Pathways to masters sport: Sharing stories from sport 'continuers', 'rekindlers' and 'late bloomers'

Research output: Book chapter/Published conference paperChapter (peer-reviewed)peer-review

Abstract

Masters sport is growing in popularity in post industrial nations. In this chapter I draw from interview data on older athletes (over 75 years old) who regularly compete in individual sports, such as running, swimming, cycling and racquet sports (Dionigi, 2008). Approximately half of Masters participants are continuers of sport, while the other half consists of people who had played sport/were physically active in their youth and then (after a long break) returned to the sporting context to 'rekindle the flame' or those who were not 'sporty' and began competing in sport later in life (Dionigi et al., 2013). Among these athletes there is great diversity and complexity in individual pathways to Masters sport, as well as commonalities. Three broad themes cutting across the data are: a typology of pathways (sport 'continuers', 'rekindlers' and 'late bloomers'); the contingency of a Masters sport career, and; the embodiment of 'active ageing'. By locating these athletes' stories in the broader social and political contexts of their time, it is recognised that older people who invest in Masters sport are an exclusive and privileged group (on the basis of class, access, and/or ability) who do not represent the majority of older people living in Western countries.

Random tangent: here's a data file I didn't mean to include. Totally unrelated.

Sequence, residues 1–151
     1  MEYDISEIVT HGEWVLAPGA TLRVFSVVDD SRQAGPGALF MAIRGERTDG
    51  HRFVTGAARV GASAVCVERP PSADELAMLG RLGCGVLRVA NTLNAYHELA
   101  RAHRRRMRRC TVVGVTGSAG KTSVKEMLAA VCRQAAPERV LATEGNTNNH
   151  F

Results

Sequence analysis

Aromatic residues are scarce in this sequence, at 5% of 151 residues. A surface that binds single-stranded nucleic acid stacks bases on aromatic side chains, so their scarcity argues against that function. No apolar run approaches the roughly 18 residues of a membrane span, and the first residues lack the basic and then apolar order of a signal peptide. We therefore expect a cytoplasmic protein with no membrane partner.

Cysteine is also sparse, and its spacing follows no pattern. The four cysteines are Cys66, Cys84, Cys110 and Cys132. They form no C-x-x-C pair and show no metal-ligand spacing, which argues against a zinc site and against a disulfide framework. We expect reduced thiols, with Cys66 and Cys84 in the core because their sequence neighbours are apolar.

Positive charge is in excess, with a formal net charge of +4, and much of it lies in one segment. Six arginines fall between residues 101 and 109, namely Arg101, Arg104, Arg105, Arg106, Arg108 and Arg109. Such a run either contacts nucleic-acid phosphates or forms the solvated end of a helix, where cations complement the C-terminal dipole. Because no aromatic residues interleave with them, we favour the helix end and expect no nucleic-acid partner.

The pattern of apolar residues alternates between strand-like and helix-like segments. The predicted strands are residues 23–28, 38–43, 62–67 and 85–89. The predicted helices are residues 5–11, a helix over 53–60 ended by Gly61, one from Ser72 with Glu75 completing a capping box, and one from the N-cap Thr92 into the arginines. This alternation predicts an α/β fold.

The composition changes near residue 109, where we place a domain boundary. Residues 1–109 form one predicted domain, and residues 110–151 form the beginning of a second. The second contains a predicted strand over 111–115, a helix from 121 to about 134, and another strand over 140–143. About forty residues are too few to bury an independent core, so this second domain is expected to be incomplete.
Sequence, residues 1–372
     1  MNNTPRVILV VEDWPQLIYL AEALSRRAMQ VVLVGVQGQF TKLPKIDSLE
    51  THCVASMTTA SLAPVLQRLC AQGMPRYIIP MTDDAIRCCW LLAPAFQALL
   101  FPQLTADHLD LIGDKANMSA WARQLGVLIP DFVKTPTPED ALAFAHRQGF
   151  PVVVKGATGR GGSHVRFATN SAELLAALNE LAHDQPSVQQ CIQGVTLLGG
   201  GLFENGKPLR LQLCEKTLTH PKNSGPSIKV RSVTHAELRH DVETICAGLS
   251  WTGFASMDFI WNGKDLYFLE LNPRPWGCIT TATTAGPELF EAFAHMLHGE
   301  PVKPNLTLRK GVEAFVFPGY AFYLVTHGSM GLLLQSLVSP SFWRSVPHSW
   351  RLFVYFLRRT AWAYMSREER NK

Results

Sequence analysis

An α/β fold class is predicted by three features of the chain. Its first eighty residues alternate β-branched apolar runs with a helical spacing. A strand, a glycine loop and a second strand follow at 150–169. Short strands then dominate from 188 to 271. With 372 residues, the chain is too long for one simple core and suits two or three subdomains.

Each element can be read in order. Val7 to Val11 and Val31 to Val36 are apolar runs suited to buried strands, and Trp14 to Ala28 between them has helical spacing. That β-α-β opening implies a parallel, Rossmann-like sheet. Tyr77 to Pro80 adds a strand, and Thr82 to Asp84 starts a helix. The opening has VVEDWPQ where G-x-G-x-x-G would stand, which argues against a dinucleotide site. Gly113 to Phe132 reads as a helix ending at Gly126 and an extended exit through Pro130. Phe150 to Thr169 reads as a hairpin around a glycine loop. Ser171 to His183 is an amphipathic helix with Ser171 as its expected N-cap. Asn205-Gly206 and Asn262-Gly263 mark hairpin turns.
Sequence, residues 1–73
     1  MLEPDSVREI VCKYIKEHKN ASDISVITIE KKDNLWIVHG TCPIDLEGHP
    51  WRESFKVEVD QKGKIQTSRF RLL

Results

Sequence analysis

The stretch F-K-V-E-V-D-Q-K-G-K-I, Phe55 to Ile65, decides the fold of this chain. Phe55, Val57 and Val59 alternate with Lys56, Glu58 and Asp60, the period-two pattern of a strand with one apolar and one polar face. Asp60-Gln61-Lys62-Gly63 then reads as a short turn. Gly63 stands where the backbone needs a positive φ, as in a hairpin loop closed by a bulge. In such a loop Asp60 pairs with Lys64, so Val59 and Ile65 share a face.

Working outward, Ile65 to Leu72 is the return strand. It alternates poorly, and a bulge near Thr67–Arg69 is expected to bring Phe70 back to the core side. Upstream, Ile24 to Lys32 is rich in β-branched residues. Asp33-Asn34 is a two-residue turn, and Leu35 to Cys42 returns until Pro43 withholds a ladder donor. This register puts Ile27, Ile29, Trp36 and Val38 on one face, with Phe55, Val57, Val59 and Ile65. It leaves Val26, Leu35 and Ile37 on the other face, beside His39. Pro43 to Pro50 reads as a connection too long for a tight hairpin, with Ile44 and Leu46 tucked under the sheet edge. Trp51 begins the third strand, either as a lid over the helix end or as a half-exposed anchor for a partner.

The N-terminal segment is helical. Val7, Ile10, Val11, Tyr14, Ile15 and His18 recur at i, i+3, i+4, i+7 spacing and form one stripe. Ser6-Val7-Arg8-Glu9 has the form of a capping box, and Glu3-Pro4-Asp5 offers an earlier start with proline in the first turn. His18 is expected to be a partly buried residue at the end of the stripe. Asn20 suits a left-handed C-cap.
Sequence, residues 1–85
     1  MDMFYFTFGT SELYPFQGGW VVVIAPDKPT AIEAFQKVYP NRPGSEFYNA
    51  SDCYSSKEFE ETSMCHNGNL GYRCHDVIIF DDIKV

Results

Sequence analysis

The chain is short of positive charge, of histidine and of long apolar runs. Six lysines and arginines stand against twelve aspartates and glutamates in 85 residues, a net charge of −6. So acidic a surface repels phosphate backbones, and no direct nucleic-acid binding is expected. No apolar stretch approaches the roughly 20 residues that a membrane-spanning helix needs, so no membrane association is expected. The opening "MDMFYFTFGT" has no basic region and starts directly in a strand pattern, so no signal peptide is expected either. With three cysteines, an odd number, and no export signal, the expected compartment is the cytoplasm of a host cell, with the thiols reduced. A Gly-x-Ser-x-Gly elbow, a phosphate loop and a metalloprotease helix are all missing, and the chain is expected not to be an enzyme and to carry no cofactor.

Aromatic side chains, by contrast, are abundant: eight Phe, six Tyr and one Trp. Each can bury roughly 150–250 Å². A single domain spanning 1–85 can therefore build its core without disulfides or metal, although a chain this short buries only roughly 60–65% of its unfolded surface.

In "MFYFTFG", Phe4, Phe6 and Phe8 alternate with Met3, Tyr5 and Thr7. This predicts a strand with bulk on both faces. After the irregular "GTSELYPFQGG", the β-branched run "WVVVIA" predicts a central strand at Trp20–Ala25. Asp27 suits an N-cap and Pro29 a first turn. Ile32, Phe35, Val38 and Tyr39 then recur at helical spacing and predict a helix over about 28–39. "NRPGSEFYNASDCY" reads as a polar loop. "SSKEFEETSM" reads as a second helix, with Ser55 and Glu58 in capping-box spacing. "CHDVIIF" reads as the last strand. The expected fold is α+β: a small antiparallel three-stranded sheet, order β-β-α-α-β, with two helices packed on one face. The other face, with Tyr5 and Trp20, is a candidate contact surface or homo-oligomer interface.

Original languageEnglish
Title of host publicationPhysical activity and sport in later life
Subtitle of host publicationcritical perspectives
EditorsE. Tulle, C. Phoenix
Place of PublicationBasingstoke, UK
PublisherPalgrave Macmillan
Chapter6
Pages54-68
Number of pages15
Edition1st
ISBN (Electronic)9781137429322
ISBN (Print)9781137429315, 9781349568826
DOIs
Publication statusPublished - 2015

Publication series

Name Global culture and sport series

Fingerprint Dive into the research topics of 'Pathways to masters sport: Sharing stories from sport 'continuers', 'rekindlers' and 'late bloomers''. Together they form a unique fingerprint.

Cite this